|The first excerpt represents the past or something you must release, and is drawn from The Last War: A World Set Free by H. G. Wells:
the delightfulness of our flowers.
The early years of the World Republic witnessed a certain
recrudescence of political adventure. There was, it is rather
curious to note, no revival of separatism after the face of King
Ferdinand Charles had vanished from the sight of men, but in a
number of countries, as the first urgent physical needs were met,
there appeared a variety of personalities having this in common,
that they sought to revive political trouble and clamber by its
aid to positions of importance and satisfaction. In no case did
they speak in the name of kings, and it is clear that monarchy
The Last War: A World Set Free
|The second excerpt represents the present or the deciding factor of the moment, and is drawn from Life on the Mississippi by Mark Twain:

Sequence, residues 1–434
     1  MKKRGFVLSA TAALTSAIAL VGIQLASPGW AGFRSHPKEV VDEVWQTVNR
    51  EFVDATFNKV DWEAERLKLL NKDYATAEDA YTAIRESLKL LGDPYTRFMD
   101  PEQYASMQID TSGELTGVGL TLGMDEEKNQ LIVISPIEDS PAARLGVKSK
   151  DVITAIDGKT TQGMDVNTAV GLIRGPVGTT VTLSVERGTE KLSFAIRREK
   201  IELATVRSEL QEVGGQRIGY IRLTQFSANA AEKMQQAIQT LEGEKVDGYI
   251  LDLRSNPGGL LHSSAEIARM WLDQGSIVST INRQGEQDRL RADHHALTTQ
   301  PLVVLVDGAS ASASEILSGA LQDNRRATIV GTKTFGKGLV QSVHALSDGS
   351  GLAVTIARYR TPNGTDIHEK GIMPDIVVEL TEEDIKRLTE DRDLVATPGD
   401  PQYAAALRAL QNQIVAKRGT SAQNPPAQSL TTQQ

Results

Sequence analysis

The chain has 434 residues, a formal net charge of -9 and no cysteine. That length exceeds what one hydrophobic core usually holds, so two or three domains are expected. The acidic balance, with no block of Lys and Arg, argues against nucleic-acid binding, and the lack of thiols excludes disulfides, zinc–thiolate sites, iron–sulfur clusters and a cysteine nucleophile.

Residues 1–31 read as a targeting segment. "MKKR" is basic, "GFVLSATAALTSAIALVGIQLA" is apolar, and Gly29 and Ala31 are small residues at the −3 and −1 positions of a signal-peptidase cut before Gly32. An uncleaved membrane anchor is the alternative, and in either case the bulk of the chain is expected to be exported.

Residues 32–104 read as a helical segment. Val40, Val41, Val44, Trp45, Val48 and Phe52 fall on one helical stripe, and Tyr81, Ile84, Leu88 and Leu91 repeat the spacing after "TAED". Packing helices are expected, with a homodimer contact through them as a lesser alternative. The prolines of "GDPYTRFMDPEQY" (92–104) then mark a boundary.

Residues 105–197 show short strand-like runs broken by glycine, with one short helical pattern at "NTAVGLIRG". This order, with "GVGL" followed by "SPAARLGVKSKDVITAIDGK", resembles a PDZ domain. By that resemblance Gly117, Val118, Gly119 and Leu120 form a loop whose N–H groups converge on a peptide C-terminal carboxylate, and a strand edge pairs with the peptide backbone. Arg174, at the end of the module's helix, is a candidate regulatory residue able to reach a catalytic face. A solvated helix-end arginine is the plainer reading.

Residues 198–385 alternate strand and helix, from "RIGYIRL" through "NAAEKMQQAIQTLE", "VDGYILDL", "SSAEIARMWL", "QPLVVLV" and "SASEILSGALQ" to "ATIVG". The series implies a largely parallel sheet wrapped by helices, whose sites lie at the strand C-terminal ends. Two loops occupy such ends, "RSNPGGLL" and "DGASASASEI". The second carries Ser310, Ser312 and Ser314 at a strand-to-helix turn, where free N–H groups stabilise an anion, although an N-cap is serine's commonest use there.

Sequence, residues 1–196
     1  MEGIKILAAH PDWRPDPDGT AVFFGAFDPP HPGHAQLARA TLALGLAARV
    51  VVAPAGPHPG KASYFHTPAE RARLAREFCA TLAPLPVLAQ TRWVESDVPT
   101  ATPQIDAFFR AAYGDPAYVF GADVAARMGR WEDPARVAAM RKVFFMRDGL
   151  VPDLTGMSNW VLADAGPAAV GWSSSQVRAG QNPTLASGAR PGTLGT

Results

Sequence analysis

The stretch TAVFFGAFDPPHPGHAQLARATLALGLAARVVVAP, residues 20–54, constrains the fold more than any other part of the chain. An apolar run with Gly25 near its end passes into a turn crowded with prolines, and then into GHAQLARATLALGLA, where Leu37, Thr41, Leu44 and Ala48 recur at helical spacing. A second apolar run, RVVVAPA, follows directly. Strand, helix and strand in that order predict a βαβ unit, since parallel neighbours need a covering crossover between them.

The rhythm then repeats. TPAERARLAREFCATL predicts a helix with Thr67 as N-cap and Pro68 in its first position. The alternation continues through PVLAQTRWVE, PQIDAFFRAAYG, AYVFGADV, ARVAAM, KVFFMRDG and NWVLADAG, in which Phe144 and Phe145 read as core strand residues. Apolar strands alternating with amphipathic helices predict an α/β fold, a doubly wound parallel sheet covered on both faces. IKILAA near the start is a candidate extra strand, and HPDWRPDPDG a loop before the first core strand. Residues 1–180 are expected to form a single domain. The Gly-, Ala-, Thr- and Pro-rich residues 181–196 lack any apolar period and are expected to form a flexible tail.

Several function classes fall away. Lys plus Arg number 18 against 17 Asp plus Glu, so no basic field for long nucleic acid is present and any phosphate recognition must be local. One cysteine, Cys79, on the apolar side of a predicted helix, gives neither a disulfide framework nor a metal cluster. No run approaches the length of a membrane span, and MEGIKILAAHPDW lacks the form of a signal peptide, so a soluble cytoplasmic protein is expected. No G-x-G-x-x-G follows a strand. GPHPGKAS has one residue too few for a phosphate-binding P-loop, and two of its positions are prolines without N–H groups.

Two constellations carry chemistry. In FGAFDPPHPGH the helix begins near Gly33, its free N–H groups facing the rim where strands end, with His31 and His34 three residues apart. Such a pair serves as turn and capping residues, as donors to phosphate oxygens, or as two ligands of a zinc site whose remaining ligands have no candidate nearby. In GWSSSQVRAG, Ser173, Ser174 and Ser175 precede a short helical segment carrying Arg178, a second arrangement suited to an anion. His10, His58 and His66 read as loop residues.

'Do you see that little boulder sticking out of the water yonder? well,
when I first came on the river, that was a solid ridge of rock,
over sixty feet high and two miles long. All washed away but that.'
[This with a sigh.)
I had a mighty impulse to destroy him, but it seemed to me that killing,
in any ordinary way, would be too good for him.
Once, when an odd-looking craft, with a vast coal-scuttle slanting
aloft on the end of a beam, was steaming by in the distance,
he indifferently drew attention to it, as one might to an object
grown wearisome through familiarity, and observed that it was
|The third excerpt represents the future or something you must embrace, and is drawn from Prince Otto by Robert Louis Stevenson:
adventure. And now,' she cried, 'your Vivien goes. Dub me your
knight!' And she held out her arms and smiled upon him radiant.
'Well,' he said, when he had kissed her, 'every man must have his
folly; I thank God mine is no worse. Off with you! I have given a
child a squib.'
CHAPTER XII - PROVIDENCE VON ROSEN: ACT THE SECOND
SHE INFORMS THE PRINCE
IT was the first impulse of Madame von Rosen to return to her own
villa and revise her toilette. Whatever else should come of this
adventure, it was her firm design to pay a visit to the Princess.
And before that woman, so little beloved, the Countess would appear